Bigelow Chapel

The United Theological Seminary of the Twin Cities, located on an 11-acre campus in New Brighton, Minnesota, is an ecumenical graduate and professional school of theology. While the seminary is of the United Church of Christ, its 250 students come from a variety of faiths, including United Methodist, Lutheran and Presbyterian; Roman Catholic, Judaism and Baptist; African Methodist Episcopal and Unitarian Universalist.

The seminary requested a 5,300 square-foot chapel building with a flexible sanctuary able to accommodate seating in a variety of configurations, along with a narthex, restrooms and a small office. The new $3.1 million chapel needed to connect to an existing classroom building and architecturally address a library across the lawn to the west, two simple structures erected in 1962 and made of buff-colored brick and precast concrete. The other two buildings on campus exhibit a similar straightforward modern style.

The real challenge set forth by the seminary, however, was a spiritual one. The sanctuary, as the focus of the building, had to be accessible-iconographically and aesthetically-to the seminary’s ecumenical community. While evoking the eminence and presence of God, the sanctuary was to quiet the spirit by addressing the religious lives of diverse people.

Rather than thinking in terms of a Christian worship space, the design embodies a spiritual one with a trinity of qualities: intimacy, warmth and light. The first two qualities are conveyed through a series of translucent, honey-colored, quilted maple panels that ripple up and down the interior of the sanctuary’s west-facing stainless steel curtain wall. To achieve this effect, one big-leaf maple log from the Pacific Northwest was shipped to Germany to be peeled, shipped to Indiana where it was cut into veneer strips 1/32-inch thick and laminated on each side with non-reflective acrylic. Maple floors and quilted maple ceiling panels, which extend from the dropped ceiling of the processional hall into the sanctuary, reinforce the sense of tranquil enclosure.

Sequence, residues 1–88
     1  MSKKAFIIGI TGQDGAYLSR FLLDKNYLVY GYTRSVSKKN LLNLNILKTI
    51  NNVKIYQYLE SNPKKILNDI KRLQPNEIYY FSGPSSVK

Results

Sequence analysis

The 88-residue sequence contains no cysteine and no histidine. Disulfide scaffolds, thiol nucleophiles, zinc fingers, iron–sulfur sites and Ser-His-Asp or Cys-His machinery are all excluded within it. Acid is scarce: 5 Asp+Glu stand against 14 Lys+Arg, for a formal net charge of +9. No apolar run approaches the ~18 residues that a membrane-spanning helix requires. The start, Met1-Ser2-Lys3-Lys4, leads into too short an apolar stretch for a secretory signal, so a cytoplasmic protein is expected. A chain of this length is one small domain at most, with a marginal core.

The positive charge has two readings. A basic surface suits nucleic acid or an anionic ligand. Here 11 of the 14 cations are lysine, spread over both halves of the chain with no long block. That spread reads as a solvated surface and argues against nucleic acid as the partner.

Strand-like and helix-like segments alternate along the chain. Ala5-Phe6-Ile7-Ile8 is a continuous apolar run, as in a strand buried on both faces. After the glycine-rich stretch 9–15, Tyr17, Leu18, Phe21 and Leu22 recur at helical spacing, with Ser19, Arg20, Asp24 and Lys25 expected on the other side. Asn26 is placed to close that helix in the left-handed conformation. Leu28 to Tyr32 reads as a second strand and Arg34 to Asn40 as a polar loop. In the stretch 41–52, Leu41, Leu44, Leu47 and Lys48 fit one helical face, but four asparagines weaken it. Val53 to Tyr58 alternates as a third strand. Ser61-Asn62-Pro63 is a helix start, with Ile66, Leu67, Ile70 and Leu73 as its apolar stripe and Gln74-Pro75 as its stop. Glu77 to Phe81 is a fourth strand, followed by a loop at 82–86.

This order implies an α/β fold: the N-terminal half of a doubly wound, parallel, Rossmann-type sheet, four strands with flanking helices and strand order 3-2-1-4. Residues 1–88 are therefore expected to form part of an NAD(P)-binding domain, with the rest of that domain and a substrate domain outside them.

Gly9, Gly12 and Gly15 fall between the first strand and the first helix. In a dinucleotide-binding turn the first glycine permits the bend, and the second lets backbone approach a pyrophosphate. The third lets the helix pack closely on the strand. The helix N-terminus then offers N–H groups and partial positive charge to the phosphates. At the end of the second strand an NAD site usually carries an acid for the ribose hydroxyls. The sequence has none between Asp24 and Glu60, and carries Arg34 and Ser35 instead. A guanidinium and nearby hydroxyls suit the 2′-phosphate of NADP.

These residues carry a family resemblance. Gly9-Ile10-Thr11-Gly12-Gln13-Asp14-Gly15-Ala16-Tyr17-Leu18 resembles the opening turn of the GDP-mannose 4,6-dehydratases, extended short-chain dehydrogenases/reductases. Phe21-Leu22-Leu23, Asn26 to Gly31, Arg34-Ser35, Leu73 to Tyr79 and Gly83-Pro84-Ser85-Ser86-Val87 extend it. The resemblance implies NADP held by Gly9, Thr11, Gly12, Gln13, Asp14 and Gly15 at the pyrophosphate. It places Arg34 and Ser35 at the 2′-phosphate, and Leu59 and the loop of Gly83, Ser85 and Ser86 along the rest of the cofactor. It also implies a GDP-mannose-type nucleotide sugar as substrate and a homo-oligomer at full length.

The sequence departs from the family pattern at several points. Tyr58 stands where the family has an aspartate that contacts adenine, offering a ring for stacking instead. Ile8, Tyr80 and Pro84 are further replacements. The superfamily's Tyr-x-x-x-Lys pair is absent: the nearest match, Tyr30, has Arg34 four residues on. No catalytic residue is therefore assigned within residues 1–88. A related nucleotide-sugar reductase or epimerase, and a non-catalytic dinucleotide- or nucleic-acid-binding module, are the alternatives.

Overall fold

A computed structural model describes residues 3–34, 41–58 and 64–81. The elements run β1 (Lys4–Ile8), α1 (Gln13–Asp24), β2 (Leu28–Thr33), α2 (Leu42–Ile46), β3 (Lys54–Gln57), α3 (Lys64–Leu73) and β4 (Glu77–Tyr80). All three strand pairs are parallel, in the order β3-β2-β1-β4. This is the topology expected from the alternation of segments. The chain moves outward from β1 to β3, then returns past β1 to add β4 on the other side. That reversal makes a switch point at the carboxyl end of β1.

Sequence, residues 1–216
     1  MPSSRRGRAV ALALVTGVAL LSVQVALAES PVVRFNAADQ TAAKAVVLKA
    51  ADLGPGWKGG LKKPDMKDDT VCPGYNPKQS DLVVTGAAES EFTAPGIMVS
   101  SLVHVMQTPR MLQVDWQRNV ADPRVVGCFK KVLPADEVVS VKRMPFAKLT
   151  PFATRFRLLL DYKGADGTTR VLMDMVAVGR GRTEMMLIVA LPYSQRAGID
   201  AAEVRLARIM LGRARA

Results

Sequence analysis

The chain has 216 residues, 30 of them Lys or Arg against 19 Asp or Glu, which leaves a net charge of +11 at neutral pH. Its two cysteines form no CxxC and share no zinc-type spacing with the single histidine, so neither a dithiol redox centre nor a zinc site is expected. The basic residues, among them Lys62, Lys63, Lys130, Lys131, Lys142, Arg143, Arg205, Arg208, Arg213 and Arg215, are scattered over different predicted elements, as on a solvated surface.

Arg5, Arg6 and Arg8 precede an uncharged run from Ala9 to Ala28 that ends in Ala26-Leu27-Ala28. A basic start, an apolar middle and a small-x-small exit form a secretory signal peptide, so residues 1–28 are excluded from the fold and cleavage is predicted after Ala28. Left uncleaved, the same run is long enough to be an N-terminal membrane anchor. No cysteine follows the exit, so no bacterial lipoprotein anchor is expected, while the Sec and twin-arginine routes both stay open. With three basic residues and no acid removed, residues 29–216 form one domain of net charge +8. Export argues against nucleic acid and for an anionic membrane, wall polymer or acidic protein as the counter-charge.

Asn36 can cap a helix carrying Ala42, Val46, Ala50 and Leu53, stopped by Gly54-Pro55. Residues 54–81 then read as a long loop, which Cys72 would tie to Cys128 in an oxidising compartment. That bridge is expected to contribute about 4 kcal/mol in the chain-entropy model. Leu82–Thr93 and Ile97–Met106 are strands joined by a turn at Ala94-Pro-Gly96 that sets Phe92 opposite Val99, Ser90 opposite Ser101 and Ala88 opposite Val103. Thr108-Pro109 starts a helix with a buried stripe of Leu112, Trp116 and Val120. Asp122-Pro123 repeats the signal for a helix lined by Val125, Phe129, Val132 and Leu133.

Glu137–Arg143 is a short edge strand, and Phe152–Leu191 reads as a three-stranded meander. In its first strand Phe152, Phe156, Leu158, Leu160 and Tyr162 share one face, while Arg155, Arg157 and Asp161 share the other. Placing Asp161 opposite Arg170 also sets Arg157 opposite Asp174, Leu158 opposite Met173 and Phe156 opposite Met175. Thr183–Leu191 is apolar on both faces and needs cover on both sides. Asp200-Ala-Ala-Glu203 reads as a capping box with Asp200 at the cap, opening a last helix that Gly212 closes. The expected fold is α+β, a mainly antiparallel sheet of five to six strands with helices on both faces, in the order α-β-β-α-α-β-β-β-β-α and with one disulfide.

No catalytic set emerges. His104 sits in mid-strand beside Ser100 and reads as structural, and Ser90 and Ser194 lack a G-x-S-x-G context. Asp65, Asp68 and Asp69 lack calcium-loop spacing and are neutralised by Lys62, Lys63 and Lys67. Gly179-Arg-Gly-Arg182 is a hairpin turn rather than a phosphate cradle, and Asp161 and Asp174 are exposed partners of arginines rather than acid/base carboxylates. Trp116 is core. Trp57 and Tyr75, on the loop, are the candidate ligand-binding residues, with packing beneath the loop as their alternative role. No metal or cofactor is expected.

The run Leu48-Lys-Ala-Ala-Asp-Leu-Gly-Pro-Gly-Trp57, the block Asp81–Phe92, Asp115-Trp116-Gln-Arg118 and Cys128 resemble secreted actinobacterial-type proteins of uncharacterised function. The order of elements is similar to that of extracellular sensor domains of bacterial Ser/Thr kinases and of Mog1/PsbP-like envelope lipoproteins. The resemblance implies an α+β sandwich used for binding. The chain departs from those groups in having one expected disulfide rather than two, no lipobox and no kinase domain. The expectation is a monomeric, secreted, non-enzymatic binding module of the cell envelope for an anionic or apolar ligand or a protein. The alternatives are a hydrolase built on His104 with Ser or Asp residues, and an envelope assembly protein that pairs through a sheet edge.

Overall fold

The translucent maple panels radiate a sense of warmth inside the sanctuary while the curving wood frame wraps the visitor in a gentle embrace that creates an intimate environment for reflection and prayer. As sunlight passes from the curtain wall through the maple veneer panels, the panels in turn filter and enrich the interior light. Light also enters the sanctuary through clerestory windows along the east wall and through skylights.

In addition to the focus on light and space, the connection between God and nature plays a central role inside the chapel. Two large windows in the sanctuary frame landscaped views. The south window overlooks the meditation garden and its lone musclewood tree, while a north window borders a single white oak tree. The exterior/interior glass fins screen and diffuse natural light from the skylights and west-facing curtainwall. The fins also introduce a planar quality of lightness, or weightlessness, that’s repeated in several other floating forms used throughout the chapel building.

The exterior cladding is an architectural precast concrete cast in molds made from split-faced Italian travertine. The bell tower is comprised of two slender walls 42 feet high, slightly offset from one another, with five chrome-plated bronze chimes nestled between the walls. The precast, along with the chapel building’s rhythmically vertical forms, respond to the existing campus architectural aesthetic, while the bell tower – which stands at the same height as the library – visually anchors the chapel to the library across the lawn.

While the sanctuary is asymmetrical – the processional walkway slopes down to the space, which is sited at the elevation of the west garden – the space is balanced and contemplative. With keen attention to the aesthetic and spiritual qualities of curving and planar forms, the architect-designed liturgical furniture and pre-manufactured chairs are seamlessly integrated into the overall composition. With its warmth and luminosity, the chapel has become a site of pilgrimage, drawing people of diverse faiths seeking its embrace for worship and meditation.


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